Last week I challenged you to come up with a new phrase for the acronym HPLC to replace High Performance Liquid Chromatography (what I'm using to quantify levels of methyl farnesoate in my male snow crabs). I received a lot of really clever and fun phrases, and it was really hard to choose. Here are some of my favorites:

His Pancreas Loves Cabbage
I thought I was the only one who loves cabbage,
but Joel set me straight.

Hot ParaLithodid Crab
I hope I represented Jen's vision correctly:
"a picture of a blue king crab (Paralithodes platypus) in those Alexander McQueen lobster shoe things
that Lady Gaga wore, being chased by photographers"

Harry Potter's Love Child
Poor Ron.

Hypercapnic Plankton Lacking Calcium
I was very impressed with this phrase, both for its
use of the word "hypercapnic" and its scientific accuracy.

Horned Parasaurolophuses Love Conifers
My neice loves dinosaurs (dare I say it) more than I love crabs!
The parasaurolophus is said to have been the loudest dino,
hence the enthusiastic remark.

Humongously Parasitized Lithodid Crabs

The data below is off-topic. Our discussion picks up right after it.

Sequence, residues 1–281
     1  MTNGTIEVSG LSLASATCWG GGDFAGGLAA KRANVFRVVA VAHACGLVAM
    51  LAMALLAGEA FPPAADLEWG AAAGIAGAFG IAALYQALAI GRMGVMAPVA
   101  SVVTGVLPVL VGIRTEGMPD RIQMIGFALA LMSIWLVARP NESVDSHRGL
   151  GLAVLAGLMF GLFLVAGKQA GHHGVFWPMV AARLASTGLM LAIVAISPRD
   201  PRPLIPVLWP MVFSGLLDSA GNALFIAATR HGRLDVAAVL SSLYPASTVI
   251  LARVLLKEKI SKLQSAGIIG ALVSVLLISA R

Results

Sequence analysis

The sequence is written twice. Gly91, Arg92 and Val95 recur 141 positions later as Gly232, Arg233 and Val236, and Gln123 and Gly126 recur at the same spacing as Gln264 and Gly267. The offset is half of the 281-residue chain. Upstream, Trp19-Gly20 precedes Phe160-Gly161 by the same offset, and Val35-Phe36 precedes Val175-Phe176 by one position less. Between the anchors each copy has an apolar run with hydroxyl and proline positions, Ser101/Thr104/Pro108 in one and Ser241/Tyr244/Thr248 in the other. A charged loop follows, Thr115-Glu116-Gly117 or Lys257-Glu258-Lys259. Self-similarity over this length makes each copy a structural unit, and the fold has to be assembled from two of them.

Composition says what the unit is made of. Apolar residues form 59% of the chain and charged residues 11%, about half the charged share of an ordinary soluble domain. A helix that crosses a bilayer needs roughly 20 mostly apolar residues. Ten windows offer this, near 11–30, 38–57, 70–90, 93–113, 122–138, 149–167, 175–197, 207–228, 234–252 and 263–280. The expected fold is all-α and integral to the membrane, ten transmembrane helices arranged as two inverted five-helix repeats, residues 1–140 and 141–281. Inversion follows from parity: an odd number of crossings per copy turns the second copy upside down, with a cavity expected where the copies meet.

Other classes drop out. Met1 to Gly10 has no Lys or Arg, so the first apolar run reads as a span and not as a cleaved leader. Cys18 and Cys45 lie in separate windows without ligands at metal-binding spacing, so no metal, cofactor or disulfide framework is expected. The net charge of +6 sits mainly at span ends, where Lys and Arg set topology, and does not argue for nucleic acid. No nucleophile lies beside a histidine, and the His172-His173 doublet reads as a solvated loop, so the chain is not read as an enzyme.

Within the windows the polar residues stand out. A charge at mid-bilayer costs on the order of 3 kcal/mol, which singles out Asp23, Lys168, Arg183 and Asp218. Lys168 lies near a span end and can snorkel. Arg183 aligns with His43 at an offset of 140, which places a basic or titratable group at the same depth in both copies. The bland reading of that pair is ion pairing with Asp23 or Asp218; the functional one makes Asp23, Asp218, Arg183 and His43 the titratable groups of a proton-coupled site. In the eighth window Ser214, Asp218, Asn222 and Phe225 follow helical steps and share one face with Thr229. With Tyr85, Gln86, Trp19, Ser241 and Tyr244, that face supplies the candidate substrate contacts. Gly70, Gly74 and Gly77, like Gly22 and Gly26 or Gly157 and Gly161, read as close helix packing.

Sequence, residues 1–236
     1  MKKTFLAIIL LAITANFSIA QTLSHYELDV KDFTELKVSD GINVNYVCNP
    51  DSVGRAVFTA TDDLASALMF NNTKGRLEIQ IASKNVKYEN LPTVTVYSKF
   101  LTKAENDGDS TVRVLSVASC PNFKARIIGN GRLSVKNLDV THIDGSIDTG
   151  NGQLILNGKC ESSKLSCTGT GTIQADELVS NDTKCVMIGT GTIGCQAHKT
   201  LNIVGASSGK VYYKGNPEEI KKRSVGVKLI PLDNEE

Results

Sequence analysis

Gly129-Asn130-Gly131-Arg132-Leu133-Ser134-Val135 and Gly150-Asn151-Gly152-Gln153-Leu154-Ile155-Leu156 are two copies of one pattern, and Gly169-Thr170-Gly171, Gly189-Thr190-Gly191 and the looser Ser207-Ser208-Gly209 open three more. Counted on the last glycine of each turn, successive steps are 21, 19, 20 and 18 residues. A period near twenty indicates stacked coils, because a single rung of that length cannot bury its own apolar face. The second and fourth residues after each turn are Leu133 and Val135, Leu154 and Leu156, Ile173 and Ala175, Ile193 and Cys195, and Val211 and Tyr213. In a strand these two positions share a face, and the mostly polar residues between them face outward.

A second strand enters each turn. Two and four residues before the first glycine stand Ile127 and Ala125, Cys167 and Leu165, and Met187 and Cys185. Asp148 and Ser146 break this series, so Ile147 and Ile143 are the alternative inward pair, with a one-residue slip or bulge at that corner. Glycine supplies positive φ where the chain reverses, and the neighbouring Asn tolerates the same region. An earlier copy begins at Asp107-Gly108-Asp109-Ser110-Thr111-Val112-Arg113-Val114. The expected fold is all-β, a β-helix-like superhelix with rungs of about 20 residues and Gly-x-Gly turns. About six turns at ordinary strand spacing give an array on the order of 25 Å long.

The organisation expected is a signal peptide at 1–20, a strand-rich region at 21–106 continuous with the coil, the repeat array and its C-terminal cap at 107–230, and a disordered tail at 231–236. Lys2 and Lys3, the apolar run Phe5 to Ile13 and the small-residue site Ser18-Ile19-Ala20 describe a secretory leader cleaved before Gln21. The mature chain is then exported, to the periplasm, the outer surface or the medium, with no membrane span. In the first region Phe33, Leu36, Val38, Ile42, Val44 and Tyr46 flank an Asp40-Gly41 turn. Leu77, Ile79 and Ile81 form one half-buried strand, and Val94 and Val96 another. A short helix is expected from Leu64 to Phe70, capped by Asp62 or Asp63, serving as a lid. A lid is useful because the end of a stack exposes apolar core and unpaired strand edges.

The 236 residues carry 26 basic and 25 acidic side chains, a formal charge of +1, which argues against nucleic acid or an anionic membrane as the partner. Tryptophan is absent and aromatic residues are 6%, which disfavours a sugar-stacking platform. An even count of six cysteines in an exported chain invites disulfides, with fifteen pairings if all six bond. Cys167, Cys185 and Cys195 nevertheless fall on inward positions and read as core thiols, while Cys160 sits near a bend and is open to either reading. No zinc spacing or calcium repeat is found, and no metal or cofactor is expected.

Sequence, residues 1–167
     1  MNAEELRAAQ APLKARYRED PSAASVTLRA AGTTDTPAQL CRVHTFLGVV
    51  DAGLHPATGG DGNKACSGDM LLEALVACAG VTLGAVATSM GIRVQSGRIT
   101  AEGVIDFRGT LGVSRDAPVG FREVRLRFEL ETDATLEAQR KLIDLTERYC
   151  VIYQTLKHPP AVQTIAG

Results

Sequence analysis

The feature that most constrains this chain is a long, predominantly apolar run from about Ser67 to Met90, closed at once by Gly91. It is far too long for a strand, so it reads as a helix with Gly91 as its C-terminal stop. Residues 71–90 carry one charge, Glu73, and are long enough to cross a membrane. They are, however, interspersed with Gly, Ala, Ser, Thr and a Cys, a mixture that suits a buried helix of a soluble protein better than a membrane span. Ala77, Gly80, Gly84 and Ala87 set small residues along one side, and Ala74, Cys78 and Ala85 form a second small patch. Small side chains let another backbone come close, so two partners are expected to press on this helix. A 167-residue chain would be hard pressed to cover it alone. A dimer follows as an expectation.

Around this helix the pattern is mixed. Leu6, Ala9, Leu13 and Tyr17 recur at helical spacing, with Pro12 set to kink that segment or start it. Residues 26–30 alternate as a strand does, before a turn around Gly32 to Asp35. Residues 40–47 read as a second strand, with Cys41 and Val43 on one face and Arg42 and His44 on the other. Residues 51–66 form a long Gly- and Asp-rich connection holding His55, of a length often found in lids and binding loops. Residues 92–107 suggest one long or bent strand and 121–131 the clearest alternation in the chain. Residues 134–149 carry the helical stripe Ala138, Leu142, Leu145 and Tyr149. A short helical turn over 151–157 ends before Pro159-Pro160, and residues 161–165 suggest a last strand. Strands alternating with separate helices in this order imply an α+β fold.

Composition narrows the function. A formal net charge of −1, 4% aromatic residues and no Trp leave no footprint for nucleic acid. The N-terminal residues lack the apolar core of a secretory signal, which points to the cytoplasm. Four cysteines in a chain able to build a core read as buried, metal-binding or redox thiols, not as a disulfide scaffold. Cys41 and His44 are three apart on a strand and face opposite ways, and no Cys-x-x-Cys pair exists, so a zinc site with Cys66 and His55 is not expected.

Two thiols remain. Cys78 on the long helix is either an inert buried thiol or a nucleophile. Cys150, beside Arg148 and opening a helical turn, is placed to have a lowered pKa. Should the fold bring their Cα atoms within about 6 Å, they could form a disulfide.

This lithodid has one heck of a rhizocephalan infestation!

Homely Pixies Lurk in Canada
HAHAHAHA! Oh, Canada...
my neighbor to the east, really.

Without further ado, the winner is:

Hiphopopotamus produces lyrical conception...
"Sea Lion Woman" went above and beyond with this HPLC poem inspired by
Flight of the Conchords! (warning, there's 1 swear in that video)
Read the whole poem in the previous blog's comments.
(baby picture from

Congratulations Sea Lion Woman! Your creativity just earned you a new keychain!

Thank you to all who submitted!

Monday, March 21, 2011

H to the P to the L to the C


My life has become focused around my HPLC = High Performance Liquid Chromatography.

the HPLC, in all its glory

It's what I'm using to quantify levels of methyl farnesoate in my male snow crabs. (Read more about it here, here, and here.) I'm using the methods from Borst and Tsukimura, 1991; this means that each sample takes a few minutes to run in order to get peaks that tell me how much methyl farnesoate was in each hemolymph sample (more on that later).

So with all this time on my hands, I've been coming up with different phrases for the acronym HPLC:

Hairy Prawns Love Conditioner

Horace Pilfered Lucy's Cup

So here's where the giveaway enters:

Come up with a great phrase for HPLC and win this adorable crab keychain!!

cute glass bead and wire-woven key chain,
purchased at the Southeast Waffle Company, Juneau

The Deal:
  1. Comment on this post with your HPLC phrase (let's keep it family-friendly).
  2. I would say one entry per e-mail, but I don't want to limit any creative juices, so have at it with as many clever phrases as you can come up with!